Triops have been found to exist ever since the Triassic Period, about 220 million years ago. It was during this period that reptiles dominated the earth. It is simply a wonder that an organism such as the Triops has survived unrelenting evolutions – from reptiles, dinosaurs, to mammals and eventually human beings. However, from the oldest fossil that has been discovered of them, up to the modern Triops which roam our earth today, not much has actually changed with the way their bodies are structured.
These Triops are generally freshwater crustaceans and can only thrive in temporary bodies of water. They are also often referred to as ‘tadpole shrimps’ since their body structures greatly resemble frog larvae. The Triops usually only grows up to two to five inches in length. Its body is consisted of two parts, the head and trunk. However, it is still uncertain where the boundary lies between the thorax and abdomen which are found within the trunk.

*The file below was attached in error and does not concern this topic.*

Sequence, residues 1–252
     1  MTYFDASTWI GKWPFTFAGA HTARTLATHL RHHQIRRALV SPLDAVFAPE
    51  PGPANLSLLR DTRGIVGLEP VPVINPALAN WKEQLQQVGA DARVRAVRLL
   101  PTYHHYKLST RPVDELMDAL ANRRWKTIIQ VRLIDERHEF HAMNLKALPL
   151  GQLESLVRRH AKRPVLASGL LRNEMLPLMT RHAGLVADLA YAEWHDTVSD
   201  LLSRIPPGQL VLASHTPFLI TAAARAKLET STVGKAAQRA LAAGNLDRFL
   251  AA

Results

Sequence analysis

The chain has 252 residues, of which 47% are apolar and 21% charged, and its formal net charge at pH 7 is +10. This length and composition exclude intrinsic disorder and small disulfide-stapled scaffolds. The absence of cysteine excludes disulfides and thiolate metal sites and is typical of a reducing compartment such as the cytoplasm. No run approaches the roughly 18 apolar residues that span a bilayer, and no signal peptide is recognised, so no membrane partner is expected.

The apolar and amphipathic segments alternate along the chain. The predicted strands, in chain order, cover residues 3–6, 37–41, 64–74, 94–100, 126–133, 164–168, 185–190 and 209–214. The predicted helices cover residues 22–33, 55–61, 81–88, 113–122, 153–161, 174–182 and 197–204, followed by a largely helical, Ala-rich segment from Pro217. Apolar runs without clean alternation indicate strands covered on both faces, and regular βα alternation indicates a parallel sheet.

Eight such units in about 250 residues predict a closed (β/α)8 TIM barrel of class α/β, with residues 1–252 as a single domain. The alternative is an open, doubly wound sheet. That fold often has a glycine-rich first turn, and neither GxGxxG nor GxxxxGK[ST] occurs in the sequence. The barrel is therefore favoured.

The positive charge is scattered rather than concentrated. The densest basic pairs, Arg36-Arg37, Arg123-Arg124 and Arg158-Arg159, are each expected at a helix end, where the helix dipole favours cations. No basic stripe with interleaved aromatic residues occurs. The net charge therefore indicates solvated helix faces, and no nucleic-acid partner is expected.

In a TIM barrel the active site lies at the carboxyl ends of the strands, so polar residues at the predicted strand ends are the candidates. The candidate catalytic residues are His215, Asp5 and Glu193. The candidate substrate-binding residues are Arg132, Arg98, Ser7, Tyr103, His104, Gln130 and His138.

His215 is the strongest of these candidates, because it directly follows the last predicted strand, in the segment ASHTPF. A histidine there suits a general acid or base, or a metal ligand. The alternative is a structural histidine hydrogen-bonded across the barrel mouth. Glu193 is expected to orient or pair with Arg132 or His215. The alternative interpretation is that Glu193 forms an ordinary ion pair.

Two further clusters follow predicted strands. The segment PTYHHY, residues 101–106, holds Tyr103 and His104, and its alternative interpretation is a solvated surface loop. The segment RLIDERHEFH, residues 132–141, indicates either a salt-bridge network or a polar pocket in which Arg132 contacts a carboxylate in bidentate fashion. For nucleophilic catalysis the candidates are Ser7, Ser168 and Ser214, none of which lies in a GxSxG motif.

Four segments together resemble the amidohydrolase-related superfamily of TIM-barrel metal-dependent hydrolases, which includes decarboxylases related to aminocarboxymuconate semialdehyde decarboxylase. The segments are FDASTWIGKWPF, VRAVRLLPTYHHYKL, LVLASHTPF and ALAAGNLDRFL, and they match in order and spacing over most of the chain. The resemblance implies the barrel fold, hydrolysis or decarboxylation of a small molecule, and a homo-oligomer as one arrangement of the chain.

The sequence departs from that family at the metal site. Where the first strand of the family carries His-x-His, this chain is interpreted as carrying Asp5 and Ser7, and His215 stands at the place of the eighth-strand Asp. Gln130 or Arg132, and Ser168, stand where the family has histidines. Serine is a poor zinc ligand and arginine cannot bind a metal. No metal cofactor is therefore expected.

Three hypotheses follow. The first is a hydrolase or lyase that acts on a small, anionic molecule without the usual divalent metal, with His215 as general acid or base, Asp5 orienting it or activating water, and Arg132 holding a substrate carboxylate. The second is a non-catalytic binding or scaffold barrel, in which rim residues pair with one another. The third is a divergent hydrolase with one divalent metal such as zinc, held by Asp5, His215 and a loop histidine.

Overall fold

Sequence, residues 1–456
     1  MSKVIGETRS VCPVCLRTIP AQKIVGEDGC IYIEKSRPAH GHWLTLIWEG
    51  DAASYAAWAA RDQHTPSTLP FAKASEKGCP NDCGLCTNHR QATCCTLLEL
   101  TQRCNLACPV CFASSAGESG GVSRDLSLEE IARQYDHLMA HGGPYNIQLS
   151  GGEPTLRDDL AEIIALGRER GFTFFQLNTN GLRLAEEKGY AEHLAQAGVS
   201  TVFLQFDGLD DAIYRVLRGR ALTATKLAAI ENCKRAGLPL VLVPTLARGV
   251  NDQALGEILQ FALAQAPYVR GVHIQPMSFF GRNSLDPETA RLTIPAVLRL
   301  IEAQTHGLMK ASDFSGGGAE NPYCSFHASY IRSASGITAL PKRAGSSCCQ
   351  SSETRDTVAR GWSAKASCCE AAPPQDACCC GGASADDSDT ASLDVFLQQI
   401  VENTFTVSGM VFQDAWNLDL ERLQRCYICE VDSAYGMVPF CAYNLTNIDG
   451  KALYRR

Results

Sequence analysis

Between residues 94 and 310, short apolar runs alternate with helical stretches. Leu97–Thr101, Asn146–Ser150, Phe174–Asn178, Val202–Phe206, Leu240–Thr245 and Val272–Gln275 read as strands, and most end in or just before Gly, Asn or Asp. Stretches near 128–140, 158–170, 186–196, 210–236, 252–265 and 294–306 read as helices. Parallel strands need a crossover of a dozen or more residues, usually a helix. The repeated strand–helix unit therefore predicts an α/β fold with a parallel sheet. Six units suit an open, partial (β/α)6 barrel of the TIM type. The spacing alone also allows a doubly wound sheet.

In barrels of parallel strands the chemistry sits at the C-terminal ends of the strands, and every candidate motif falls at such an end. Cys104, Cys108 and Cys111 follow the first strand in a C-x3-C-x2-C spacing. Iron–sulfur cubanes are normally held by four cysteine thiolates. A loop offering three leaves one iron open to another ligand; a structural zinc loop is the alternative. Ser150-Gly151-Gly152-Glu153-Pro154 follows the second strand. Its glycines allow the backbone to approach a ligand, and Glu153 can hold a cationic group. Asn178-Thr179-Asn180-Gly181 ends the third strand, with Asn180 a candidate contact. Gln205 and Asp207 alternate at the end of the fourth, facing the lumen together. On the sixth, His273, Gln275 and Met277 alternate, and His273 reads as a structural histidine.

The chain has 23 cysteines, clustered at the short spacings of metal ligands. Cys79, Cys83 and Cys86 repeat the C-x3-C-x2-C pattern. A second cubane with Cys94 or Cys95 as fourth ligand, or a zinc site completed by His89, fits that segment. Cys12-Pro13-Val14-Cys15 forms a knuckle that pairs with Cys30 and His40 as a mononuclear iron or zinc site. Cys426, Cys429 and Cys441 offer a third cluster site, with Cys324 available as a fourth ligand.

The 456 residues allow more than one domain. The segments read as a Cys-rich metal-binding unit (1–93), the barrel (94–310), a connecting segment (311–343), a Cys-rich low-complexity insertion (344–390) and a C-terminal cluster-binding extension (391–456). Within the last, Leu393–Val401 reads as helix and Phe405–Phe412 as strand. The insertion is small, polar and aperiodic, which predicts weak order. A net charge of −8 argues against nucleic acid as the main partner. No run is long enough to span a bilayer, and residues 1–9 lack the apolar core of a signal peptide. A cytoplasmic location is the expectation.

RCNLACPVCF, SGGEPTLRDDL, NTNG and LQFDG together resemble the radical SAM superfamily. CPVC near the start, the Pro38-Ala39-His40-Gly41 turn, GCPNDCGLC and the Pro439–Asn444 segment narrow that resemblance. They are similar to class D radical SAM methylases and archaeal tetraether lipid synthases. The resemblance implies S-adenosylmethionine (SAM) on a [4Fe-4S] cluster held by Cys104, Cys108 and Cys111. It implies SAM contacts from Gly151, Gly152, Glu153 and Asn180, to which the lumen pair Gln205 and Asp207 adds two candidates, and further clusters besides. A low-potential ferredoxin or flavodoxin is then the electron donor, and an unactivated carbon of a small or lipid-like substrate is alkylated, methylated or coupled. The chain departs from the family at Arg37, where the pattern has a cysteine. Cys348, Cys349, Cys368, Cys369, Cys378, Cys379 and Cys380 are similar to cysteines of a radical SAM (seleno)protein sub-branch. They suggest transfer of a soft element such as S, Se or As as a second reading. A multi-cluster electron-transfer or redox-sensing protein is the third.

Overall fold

About half of the Triops’ body is covered by a large carapace which is basically a shell-like structure common to crustaceans. This bodily structure acts as a protective layer for the Triops’ internal anatomy. At the foremost part of the carapace, a pair of compound eyes lies close to each other. Between these compound eyes, just at the midline of the carapace, is the naupliar eye which stems deeper inside the head. Hence, the name ‘Triops’ is given, which pertains to the animal’s three eyes.
Furthermore, the head is also consisted of five segments. Below the eyes lie a horizontal groove known as the mandibular groove which divides the upper two head segments and the lower three. Below the mandibular groove is the cervical groove which similarly divides the head and the thorax.
Meanwhile, found on the ventral part of the head is a lens-like window which primarily allows light to pass through the naupliar eye. Also found at the head are sets of antennas which according to studies are essentially futile and not easily noticeable. Found at the posterior part of the carapace is the maxillary gland which is consisted of two maxilla. These act as the Triops’ excretory glands.
- The Life Cycle of Triops
- Growth Cycle of Triops
- Behavior and Senses of Triops
- Anatomy of Triops
- Diapause: A Great Phenomenon
- Natural Habitat of Triops
- Importance of Triops
- Instant Pets at Home
- Preparing the Appropriate Habitat for Triops
- Hatching Triops
- Caring of Triops
- Triops and Their Food